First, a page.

Classification for Voice Packets into LLQ

As you learned in previous chapters, LLQ is one of the most important Cisco QoS mechanisms to ensure quality for voice conversations, because it prioritizes voice packets over data packets at the router egress interface. For this to work, voice packets must be classified such that they are placed in the priority queue (PQ) portion of LLQ.

Cisco IOS provides the service levels that RSVP accepts by working in conjunction with IOS queuing tools. As a general Cisco IOS feature, RSVP has its own set of reserved queues within Class-Based Weighted Fair Queuing (CBWFQ) for traffic with RSVP reservations. So, RSVP can create hidden queues that compete with the explicitly defined CBWFQ queues, with the RSVP queues getting very low weights—and remember, with all WFQ-like features, lower weight means better service.

You would just configure CBWFQ, and then RSVP, and not consider the two features together. However, the performance of the voice flows with RSVP reservations would actually suffer. The reason is that the reserved hidden RSVP queues, although they have a low weight, are separate from the PQ feature of CBWFQ/LLQ. Packets in reserved RSVP queues do not get strict priority over packets from other queues. It has long been known that this treatment, a low-weight queue inside WFQ, is insufficient for voice quality over a congested interface. Therefore, when RSVP is configured for a voice call, the voice packets need to be classified into the PQ.

IOS solves the problem by having RSVP put voice-like traffic into the existing LLQ priority queue on the interface. RSVP uses a profile to classify a flow of packets as a voice flow. The profile considers packet sizes, arrival rates, and other parameters to determine whether a packet flow is considered a voice flow. The internal profile, named voice-like, is tuned to classify all voice traffic originating from a Cisco IOS gateway as a voice flow without the need for additional configuration. Therefore, while RSVP makes the reservations, it then in turn classifies voice-like traffic into the LLQ PQ, and other non-voice-like traffic with reservations into RSVP queues, as shown in Figure 8-33.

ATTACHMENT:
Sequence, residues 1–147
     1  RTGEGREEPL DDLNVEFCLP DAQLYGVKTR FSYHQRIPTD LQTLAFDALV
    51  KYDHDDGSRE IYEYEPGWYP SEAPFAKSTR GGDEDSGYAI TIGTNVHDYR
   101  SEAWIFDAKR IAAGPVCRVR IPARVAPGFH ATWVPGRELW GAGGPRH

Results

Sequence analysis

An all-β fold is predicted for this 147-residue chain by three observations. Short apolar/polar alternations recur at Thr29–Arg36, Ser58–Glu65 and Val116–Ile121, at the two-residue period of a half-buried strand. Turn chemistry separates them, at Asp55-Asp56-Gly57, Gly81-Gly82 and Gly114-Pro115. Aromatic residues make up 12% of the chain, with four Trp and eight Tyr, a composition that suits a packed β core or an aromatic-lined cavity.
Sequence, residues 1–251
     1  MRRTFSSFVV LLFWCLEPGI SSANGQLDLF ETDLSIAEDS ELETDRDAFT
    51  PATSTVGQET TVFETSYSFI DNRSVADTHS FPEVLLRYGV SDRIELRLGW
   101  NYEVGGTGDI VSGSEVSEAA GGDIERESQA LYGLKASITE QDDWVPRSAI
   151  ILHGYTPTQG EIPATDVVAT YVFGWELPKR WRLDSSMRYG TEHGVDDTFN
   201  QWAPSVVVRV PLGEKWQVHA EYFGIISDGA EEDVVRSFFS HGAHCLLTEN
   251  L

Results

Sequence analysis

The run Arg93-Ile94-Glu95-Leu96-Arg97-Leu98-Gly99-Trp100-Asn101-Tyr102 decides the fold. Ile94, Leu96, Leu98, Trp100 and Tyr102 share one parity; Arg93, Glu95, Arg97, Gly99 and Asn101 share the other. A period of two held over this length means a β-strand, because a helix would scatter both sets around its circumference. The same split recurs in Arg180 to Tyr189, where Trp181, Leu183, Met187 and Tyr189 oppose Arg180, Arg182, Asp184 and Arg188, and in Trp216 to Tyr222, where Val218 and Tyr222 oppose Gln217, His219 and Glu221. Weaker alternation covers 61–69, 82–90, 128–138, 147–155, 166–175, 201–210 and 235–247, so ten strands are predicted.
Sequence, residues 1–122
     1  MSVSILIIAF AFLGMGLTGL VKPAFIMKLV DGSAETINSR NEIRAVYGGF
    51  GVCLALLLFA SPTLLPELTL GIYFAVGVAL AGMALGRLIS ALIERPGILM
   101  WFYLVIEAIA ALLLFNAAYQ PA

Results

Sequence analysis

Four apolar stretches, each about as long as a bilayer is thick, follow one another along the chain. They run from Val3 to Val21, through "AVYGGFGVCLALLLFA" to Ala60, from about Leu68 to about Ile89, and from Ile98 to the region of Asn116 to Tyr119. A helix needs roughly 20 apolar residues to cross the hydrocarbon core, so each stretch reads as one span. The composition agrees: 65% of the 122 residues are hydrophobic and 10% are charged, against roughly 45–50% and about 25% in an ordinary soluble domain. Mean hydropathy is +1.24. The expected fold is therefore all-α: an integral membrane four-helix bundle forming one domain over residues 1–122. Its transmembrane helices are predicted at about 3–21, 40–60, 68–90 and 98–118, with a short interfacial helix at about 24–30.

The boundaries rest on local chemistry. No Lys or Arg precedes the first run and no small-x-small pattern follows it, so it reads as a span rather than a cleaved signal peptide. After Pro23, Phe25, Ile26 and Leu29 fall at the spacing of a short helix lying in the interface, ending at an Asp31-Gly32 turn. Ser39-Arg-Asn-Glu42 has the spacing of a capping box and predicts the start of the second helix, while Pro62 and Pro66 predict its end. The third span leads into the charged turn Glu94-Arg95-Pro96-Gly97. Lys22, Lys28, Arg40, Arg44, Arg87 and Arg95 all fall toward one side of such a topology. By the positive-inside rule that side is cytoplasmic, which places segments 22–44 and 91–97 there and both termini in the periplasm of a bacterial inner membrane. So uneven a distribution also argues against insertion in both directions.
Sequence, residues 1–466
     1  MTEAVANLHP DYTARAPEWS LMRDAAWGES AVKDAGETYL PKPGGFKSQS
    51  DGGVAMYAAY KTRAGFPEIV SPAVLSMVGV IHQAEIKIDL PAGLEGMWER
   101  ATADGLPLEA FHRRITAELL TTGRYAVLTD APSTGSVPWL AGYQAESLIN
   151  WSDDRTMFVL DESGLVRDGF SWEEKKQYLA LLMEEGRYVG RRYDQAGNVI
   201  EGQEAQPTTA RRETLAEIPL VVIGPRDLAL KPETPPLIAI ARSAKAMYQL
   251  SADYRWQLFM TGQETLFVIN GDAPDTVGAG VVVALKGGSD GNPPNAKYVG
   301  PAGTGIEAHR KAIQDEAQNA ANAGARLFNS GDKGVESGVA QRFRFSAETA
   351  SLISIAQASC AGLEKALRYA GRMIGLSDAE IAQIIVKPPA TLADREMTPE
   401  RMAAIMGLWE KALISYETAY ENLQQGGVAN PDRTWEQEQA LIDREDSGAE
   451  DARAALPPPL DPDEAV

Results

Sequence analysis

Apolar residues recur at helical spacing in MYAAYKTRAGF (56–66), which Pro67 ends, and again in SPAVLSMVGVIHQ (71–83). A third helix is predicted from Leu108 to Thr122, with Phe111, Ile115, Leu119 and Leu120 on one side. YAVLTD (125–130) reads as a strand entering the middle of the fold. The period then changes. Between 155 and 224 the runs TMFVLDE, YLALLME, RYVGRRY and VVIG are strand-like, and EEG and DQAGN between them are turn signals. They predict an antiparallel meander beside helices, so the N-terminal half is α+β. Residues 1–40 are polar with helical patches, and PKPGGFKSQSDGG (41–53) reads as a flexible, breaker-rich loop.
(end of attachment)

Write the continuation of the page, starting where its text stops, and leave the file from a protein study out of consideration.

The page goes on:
To perform the extra classification logic shown in the figure, RSVP is the first egress interface classifier to examine an arriving packet. If RSVP considers the packet a voice flow, the packet is put into the PQ portion of LLQ. If the flow does not conform to the voice profile voice-like, but is nevertheless an RSVP reserved flow, it is placed into the normal RSVP reserved queues. If the flow is neither a voice flow, nor a data RSVP flow, LLQ classifies the packet as it normally would.

Although RSVP voice traffic can be mixed with traffic specified in the priority class within a policy map, voice quality can suffer if both methods are implemented simultaneously. The two methods do not share bandwidth allocation and therefore will lead to an inefficient use of bandwidth on the interface. As bandwidth is defined in the configuration for the egress interfaces, all the bandwidth and priority classes will be allocated bandwidth at configuration time. No bandwidth is allocated to RSVP at configuration time because RSVP requests its bandwidth when the traffic flow begins. RSVP therefore gets allocated bandwidth from the pool that is left after the other features have already allocated their bandwidth.

Figure 8-33 RSVP Packet-Classification Criteria

Egress Interface / PVC Queueing (LLQ)

Figure 8-33 RSVP Packet-Classification Criteria

Egress Interface / PVC Queueing (LLQ)

It is important to note that RSVP classifies only voice bearer traffic, not signaling traffic. Another classification mechanism such as an ACL or DiffServ code point (DSCP) / IP precedence must still be used to classify the voice-signaling traffic if any treatment better than best effort is desired for signaling traffic.

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